December 9, 2016

VOTE AS THOUGH YOUR LIFE DEPENDS UPON IT: Trump over performed the most in counties with the highest drug, alcohol and suicide mortality rates.

The president-elect performed better than Mitt Romney in many places, but he fared best compared to the Republican nominee four years ago in the counties with the highest drug, alcohol and suicide mortality rates.

Shannon M. Monnat, an assistant professor of rural sociology and demography, created a data set with numbers from 3,106 counties. She found this trend to be true nationally but especially so in two regions: In the industrial Midwest, which is how academics refer to the Rust Belt, Trump ran ahead of Romney by an average of 16.7 percent in the quarter of counties with the highest mortality, compared to 8.1 percent in the lowest quartile. In New England, Trump did worse than Romney by an average of 3.1 percent in the lowest mortality counties but better than the former Massachusetts governor by an average of 10 percent in the highest mortality counties.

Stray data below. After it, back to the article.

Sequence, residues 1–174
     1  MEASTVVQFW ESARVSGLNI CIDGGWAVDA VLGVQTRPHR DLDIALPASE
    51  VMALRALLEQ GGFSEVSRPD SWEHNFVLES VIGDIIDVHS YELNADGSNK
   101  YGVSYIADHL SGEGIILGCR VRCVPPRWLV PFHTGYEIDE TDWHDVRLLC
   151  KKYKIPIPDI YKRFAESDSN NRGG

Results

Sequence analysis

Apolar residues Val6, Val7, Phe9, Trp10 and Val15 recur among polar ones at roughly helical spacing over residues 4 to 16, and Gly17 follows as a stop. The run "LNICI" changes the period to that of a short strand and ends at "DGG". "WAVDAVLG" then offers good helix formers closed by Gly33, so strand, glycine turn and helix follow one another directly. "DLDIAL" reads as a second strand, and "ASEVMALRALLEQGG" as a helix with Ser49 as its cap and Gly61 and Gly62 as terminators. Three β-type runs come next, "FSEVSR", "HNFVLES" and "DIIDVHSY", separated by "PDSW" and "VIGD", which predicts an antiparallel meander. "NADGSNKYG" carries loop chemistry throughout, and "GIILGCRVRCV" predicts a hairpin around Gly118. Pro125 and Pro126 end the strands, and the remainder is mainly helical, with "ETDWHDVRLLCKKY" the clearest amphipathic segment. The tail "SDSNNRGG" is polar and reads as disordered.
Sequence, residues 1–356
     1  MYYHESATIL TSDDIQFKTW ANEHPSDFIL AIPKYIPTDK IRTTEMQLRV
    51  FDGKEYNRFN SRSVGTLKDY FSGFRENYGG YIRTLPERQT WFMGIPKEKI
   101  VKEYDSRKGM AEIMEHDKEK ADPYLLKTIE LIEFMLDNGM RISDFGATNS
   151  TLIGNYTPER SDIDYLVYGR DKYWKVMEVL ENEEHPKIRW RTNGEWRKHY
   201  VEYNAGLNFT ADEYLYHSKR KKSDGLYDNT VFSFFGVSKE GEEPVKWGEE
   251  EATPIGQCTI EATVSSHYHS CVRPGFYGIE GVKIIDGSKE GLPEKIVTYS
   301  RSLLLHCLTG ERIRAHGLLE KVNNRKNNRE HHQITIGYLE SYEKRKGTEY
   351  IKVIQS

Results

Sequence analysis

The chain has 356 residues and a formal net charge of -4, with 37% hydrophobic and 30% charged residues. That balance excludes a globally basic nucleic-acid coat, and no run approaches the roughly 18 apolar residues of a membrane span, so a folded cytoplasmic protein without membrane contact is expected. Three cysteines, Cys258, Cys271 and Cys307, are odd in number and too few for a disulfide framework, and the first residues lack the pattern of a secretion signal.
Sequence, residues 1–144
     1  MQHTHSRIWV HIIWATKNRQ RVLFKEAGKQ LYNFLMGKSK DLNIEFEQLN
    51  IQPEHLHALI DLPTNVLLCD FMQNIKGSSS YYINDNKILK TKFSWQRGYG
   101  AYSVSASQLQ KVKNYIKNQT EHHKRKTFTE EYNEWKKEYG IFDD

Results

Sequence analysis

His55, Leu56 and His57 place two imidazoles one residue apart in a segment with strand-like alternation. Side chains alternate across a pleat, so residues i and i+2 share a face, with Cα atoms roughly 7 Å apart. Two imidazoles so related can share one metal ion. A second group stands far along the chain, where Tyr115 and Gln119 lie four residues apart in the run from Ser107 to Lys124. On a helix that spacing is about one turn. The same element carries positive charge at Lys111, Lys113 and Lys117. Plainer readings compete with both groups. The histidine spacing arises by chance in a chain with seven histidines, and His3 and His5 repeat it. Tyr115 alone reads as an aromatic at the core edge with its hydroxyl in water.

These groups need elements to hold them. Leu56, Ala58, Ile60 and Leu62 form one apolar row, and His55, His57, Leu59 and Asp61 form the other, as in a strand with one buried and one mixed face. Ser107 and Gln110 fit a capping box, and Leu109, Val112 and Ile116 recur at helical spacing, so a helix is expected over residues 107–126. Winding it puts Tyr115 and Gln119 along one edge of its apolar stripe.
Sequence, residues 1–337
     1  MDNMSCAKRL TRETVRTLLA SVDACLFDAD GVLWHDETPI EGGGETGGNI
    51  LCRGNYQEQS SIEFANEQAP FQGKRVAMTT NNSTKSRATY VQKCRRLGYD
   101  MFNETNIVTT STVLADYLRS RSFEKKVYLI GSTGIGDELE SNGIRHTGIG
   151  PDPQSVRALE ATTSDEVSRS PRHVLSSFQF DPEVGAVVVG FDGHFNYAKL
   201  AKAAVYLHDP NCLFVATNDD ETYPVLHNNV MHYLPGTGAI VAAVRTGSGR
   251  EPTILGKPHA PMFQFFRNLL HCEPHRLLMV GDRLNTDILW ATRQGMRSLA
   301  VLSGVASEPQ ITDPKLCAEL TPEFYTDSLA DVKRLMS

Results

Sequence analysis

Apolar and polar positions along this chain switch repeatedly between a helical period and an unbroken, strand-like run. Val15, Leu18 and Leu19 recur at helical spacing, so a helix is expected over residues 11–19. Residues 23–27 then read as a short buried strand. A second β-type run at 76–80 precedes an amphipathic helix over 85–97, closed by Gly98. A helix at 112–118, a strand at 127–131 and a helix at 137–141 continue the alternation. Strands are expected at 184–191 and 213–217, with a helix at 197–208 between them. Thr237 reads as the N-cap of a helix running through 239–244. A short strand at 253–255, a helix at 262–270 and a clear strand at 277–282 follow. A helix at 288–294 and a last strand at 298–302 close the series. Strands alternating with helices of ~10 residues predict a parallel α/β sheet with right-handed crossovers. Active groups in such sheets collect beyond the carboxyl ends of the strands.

Overdoses, alcoholism and suicide are known by experts collectively as “the diseases of despair.” People often (but not always) turn to pills, syringes, the bottle and other self-destructive behaviors when they lose hope, when they don’t have the means to live comfortably or when they don’t get the dignity that comes from work.

These findings could be taken as an indictment of Trump voters, but I don’t see it that way. This massive outbreak of “diseases of despair” — and the resulting turnaround in voter patterns — is instead a stunning rebuke by those left furthest behind by eight years of hopenchange.

RELATED: My previous lunch hour item.

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